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So after a couple months of experiencing the life of being a science policy advisor at the Royal Society, on my RCUK policy internship, I thought it was time to update you on what I’ve thinking about as I come to the end of my internship.

Getting the right people involved…


An essential start to policy advice is to gain a grounding in the areas you are working in, without this, advice would be uninformed, unrepresentative and simply wasting time. So in huge areas such as climate science, the environment and energy, how do you find the right research, how do you find the right people to talk to?

Imagine a stadium full of people at the start of a football match. You need to walk in and find out who is thinking what. Where do you start?

Literature streams


If every one of those people is a research article, it will be impossible to look at all of them. Start with groups and target particular areas that may be relevant, beginning with more general reading but deepen as time allows. None of this should be new to anybody, but it is important to realise that there will be literature you will not be able to find, those people not on the stands in the stadium, but in the tunnels surrounding it. For this reason, and that peoples’ views and research perspectives change with time, like a crowd throughout the game, it is worth following literature streams as much as possible.

Consultations


Consultations can take a variety of forms (email, online survey, postal, formal interview, informal meeting), and the form needs to match the type or group of people you are trying to consult. Don’t try to consult rural areas if rural broadband is problematic for example. But consultations can be so useful for getting current information on research areas and other pieces of work that might be on-going or planned for the future. Often, many of us can be guilty of staying within our known networks, contacts and work areas, but by consulting widely and being aware of those silos is important to get a better understanding of how interconnected problems fit together.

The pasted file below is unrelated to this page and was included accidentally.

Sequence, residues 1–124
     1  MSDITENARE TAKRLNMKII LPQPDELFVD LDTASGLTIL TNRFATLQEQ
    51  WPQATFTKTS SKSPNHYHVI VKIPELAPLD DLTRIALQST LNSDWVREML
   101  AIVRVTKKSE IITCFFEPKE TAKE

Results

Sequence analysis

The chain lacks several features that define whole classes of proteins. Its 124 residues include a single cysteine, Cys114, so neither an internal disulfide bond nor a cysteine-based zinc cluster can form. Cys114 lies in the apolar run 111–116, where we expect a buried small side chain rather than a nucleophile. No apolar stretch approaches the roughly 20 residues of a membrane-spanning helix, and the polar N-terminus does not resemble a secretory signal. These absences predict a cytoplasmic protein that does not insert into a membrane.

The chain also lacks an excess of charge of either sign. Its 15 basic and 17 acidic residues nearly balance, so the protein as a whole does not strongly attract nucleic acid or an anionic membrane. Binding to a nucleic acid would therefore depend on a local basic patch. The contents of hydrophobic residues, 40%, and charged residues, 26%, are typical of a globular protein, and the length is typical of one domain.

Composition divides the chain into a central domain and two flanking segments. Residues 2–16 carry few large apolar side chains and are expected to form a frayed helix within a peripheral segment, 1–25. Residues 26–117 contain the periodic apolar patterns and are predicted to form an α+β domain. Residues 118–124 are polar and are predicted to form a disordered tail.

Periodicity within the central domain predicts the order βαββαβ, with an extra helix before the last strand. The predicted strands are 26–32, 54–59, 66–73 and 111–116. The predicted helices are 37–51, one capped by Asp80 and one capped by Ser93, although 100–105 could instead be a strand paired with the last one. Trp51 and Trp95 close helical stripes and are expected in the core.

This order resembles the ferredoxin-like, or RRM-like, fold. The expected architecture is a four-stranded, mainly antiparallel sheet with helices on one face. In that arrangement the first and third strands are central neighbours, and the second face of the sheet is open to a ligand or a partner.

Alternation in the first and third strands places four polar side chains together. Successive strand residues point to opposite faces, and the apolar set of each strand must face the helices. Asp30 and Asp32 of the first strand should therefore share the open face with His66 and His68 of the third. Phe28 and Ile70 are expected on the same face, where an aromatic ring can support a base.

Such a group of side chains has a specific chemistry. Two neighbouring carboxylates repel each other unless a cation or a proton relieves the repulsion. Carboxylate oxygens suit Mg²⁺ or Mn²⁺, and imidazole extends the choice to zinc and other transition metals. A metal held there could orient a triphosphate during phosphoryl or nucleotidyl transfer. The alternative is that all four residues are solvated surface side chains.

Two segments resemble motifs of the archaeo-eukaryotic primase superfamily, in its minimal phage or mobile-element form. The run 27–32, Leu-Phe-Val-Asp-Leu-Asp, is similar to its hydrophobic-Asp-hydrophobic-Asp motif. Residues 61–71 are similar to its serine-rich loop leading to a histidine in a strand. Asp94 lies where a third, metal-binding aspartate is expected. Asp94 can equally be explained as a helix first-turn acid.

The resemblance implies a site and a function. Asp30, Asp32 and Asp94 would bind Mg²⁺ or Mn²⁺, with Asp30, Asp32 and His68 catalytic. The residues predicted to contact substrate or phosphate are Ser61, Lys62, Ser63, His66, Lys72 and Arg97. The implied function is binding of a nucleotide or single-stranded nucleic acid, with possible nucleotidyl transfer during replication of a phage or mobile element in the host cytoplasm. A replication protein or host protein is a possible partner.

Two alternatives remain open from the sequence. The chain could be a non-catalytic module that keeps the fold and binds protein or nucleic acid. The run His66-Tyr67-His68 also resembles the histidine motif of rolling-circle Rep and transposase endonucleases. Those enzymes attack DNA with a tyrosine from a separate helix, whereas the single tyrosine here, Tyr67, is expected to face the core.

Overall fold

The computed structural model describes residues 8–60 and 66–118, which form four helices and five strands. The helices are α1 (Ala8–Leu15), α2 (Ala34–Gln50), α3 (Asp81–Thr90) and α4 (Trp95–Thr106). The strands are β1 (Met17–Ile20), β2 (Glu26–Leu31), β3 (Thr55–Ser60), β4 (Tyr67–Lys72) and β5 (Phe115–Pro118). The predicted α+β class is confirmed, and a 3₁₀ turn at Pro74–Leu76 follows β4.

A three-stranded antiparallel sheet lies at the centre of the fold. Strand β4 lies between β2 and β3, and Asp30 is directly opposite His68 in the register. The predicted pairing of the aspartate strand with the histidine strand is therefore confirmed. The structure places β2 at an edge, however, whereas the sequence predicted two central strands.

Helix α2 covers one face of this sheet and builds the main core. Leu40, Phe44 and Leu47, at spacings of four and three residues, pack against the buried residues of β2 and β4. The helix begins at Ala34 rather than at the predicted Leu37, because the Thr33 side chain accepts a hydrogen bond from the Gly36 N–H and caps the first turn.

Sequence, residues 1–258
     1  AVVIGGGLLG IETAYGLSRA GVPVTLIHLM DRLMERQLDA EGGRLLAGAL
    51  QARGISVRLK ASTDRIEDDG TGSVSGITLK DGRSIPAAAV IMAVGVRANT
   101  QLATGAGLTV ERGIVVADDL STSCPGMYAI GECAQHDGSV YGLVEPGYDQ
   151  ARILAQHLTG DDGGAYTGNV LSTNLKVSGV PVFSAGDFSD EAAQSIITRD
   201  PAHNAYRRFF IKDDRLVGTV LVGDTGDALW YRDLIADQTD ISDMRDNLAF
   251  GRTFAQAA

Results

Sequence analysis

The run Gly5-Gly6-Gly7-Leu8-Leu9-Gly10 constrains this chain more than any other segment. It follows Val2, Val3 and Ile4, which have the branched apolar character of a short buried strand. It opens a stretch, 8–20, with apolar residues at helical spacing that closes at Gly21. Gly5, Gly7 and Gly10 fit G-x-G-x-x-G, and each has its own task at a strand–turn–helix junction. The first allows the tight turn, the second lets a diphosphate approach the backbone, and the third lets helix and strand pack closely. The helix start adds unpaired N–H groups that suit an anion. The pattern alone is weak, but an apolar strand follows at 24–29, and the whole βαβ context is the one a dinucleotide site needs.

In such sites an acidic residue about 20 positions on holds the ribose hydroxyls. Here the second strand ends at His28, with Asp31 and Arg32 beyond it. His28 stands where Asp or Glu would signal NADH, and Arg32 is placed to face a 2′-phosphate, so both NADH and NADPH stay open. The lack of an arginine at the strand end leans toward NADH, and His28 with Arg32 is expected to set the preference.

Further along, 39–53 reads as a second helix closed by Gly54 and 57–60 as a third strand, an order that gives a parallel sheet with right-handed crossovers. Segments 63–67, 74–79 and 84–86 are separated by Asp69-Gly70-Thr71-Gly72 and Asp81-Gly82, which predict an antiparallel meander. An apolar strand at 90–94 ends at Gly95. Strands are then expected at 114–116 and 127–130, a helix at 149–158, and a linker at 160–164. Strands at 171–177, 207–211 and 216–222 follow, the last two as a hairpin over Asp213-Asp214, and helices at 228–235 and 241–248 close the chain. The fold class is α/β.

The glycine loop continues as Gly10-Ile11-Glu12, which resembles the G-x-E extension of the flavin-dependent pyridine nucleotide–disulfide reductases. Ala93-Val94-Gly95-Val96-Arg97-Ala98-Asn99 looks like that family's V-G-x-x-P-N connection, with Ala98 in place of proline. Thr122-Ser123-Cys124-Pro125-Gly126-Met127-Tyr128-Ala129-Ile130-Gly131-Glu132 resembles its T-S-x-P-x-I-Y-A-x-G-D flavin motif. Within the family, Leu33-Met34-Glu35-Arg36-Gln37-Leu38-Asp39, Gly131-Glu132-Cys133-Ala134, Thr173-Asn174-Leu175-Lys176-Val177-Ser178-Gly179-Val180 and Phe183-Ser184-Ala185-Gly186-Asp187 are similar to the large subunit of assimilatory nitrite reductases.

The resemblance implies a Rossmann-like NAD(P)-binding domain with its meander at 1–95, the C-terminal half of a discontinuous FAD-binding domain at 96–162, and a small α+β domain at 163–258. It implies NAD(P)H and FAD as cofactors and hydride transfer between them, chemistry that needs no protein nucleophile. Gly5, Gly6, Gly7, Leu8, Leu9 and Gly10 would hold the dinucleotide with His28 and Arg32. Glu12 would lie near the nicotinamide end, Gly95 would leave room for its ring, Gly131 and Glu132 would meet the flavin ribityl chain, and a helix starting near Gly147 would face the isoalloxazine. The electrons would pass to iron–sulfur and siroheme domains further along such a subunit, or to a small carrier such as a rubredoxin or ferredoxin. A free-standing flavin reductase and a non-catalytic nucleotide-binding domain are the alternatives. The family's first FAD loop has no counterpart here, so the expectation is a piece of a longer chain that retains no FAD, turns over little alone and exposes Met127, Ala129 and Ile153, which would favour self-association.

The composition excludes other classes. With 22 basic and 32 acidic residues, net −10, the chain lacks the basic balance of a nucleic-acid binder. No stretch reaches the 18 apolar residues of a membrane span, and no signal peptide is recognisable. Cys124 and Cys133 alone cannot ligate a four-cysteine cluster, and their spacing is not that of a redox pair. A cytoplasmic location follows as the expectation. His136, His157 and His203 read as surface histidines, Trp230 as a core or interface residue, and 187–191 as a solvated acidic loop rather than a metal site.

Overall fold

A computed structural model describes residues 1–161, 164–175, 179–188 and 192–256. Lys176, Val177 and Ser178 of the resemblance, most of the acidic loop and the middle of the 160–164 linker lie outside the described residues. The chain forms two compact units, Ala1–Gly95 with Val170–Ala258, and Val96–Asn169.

Image credit: Wikimania2009 Beatrice Murch [CC BY 2.0 (http://creativecommons.org/licenses/by/2.0) or CC BY 3.0 (http://creativecommons.org/licenses/by/3.0)], via Wikimedia Commons

Trends


Amongst all of this, it is always worth taking time out of intense research to think about trends. The timing of policy advice is essential and trends make up a significant part of seeing where opportunities are. It is almost impossible to gain all information one needs from quantitative consultations.

Invaluable information can be gained from formal and informal interviews, good relationship building with the right mix of people, and an open and aware mindset.

It is interesting that often having the ‘right connections’ is seen as an unscientific, unrepresentative and privileged stance. Yet it may be that we sometimes forget how important maintaining and building relationships are in postgraduate research. Post PhD, maintaining good relationships and building positive working environments are key factors for developing your own research projects, or for the wider work place in any and every field. So… take some time to think about who you are talking to, and who you should perhaps talk with next to develop ideas or make new links.

During the last month or so I have been exposed to many of these challenges at the Royal Society. I have found It surprising how many links there are to my own world under the canopy of a PhD and I am looking forward to taking some of those thoughts back with me. Tell you more next time…

(Views in this blog post are my own and do not represent those of the Royal Society.)
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This blog is by Cabot Institute member Henry Webber, PhD student in the Department of Archaeology and Anthropology, studying the interactions between precision agriculture and archaeology.  
Henry Webber

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